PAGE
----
Saturday, February 15, 2003

BBC Online has a great gallery of anti-war marches around the world. The New York Times notes that organizers claim that 400,000 people showed up in NYC; in the absence of any official count, they don't find the figure "improbable." Numbers elsewhere (Rome, London) are even bigger. For someone like me, who's against the war, it's heartening to see such an extraordinary turnout across the world. Still, I don't think that it'll do much to stop the war. Why? Because there are clear limits to the power of all protest movements, even "globalized" ones. Yes, the Internet and cheap international phone calls make it much easier to organize across national boundaries than it used to be. But who do these crowds hope to address? Who are the final arbiters of what gets done and what doesn't get done in the international system? States, that's who. Jeffrey Ayres and Sid Tarrow, who've spent a lot of time studying protest movements, get it right in a recent SSRC paper on transnational civic society after September 11. As they argue, globalization does make it easier for international protesters to organize, but it's not the only thing that's going on. Transnational political activity can have real international consequences, but only when it leads states to change what they're doing. Unfortunately, this time around, it's not going to work. All the protest marches in the world are unlikely to change the US stance on Iraq. Where these protests might have consequences is in the UK; Tony Blair is finding it increasingly difficult to juggle domestic opposition and his belief that the UK national interest is best served by sticking close to the American position. But even if the UK gets cold feet, it's unlikely to change US strategy; it'll just make it more difficult to justify to international and domestic critics.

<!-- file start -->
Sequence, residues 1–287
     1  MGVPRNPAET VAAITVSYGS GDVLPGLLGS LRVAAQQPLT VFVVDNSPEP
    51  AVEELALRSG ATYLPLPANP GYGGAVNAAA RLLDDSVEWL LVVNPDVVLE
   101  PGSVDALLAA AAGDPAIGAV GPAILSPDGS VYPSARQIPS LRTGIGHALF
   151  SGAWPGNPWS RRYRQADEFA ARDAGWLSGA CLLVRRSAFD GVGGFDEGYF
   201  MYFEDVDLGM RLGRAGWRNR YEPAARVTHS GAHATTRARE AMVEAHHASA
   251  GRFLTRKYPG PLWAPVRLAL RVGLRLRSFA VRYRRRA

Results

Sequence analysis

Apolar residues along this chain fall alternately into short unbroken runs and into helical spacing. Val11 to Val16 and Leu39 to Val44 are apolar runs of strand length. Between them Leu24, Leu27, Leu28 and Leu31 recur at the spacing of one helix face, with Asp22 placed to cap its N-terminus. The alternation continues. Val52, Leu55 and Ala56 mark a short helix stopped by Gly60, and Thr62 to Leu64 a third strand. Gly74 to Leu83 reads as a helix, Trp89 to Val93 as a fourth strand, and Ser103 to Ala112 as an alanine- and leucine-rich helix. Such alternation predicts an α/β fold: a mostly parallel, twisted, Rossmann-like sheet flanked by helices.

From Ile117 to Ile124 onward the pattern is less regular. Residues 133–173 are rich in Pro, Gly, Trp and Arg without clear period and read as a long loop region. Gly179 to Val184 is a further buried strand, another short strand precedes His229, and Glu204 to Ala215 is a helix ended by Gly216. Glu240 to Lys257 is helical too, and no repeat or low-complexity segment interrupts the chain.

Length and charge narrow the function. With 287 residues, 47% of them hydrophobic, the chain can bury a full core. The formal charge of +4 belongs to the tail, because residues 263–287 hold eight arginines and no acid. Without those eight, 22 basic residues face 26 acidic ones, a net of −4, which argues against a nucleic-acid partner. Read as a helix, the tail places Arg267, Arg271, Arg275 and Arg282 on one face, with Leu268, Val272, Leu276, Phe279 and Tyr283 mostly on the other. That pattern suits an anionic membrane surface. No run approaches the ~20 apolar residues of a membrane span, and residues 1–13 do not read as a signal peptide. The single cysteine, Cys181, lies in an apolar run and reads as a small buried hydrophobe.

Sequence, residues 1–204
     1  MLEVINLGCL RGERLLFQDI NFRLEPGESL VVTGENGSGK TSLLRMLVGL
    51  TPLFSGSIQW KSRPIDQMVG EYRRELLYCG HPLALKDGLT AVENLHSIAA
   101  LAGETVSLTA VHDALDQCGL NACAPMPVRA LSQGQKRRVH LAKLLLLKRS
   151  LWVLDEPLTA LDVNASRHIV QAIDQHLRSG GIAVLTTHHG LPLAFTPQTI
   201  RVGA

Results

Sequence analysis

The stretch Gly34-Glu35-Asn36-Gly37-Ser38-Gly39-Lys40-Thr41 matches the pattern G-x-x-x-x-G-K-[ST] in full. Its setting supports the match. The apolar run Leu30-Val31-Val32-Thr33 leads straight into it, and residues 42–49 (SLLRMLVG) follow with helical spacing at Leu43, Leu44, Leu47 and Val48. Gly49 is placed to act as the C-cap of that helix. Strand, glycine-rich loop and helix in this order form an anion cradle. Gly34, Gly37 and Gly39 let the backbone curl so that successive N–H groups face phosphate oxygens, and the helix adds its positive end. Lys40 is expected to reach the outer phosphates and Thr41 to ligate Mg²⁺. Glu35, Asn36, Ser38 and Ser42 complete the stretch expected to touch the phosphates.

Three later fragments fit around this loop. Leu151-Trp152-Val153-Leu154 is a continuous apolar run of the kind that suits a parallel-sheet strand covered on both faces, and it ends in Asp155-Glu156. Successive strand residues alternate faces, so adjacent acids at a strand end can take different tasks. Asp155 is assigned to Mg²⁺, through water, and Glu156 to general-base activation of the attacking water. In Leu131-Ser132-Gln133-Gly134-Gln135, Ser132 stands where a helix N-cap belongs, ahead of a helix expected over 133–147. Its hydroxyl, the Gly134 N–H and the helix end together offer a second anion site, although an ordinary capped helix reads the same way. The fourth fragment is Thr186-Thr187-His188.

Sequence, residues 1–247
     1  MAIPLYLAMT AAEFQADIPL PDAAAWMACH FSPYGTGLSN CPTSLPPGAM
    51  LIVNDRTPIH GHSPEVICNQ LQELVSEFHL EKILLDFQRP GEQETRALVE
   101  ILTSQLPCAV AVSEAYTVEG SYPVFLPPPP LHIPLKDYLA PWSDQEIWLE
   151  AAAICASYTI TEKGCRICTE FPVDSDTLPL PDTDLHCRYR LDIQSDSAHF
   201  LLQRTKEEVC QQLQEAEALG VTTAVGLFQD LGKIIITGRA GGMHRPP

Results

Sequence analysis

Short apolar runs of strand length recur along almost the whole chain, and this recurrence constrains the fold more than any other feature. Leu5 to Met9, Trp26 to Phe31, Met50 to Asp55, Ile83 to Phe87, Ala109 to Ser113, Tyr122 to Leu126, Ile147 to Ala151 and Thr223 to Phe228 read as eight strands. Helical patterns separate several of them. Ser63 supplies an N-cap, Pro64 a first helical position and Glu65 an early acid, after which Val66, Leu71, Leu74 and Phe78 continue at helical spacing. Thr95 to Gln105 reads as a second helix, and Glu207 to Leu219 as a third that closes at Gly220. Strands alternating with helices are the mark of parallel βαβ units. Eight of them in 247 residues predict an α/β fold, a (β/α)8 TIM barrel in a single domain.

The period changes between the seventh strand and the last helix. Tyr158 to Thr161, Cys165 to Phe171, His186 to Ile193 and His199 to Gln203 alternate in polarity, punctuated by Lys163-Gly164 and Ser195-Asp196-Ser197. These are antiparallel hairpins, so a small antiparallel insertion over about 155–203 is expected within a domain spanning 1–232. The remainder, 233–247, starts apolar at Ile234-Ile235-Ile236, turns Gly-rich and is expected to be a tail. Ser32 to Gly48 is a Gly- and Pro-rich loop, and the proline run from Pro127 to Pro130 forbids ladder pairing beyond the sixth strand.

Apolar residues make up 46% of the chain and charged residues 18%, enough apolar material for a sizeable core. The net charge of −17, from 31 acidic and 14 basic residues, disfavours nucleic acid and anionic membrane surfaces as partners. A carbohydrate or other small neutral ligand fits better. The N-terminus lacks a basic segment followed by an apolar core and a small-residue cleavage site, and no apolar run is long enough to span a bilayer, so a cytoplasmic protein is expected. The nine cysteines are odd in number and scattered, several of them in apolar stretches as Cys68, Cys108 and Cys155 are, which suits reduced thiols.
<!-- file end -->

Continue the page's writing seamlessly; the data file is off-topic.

Thursday, February 13, 2003

Peter Bagge is a great comic book artist - his "Hate" series has some wonderful riffs on losers, hysterics and local music-scene egomaniacs in early 1990's Seattle. Via BoingBoing, his equally caustic take on the anti-war movement. Hmmm ... hadn't realized he was a card-carrying libertarian.

Wednesday, February 12, 2003

Trusting America

Josh Marshall has an interesting piece on Bush and NATO. As he says, the allies would probably take their commitments more seriously if the administration hadn't been so contemptuous of NATO in Afghanistan. What are the long-term consequences of current US policy? Dan Drezner suggests that the Bushies have gotten a bum rap; despite some overblown rhetoric to the contrary, the current administration is multilateralist. If he's right, this is nothing more than everyday European incomprehension and griping. But Drezner underestimates the extent to which the US is undermining the foundations of the alliance. John Ikenberry has a pretty convincing account of the origins of NATO and associated institutions. Ikenberry argues that they were intended to redress the obvious asymmetry of power between the US and its allies in the post-War system. The US used NATO to restrain itself; to reassure its allies that it wouldn't trample over them or abandon them. The allies, for their part, used NATO to commit to cooperate with the US. It's this institutionalized mutual reassurance system that is now being undermined. The US is making it emphatically clear that it doesn't want to be constrained by its allies. It's only prepared to go through the motions of multilateralism if this will legitimize what it's going to do anyway. The allies, understandably, feel that they can't trust the US, which is much more powerful than they are, and doesn't seem prepared to take their interests into account. Hence, the unravelling of understandings which have been the cornerstone of the trans-Atlantic relationship since the late 1940's. Disproportionately powerful actors should restrain themselves if they want weaker actors to trust them, and if they rationally want to reap the fruits of cooperation. Instead, we're seeing how a powerful actor can systematically trash its reputation for trustworthiness, when it doesn't think it needs it anymore.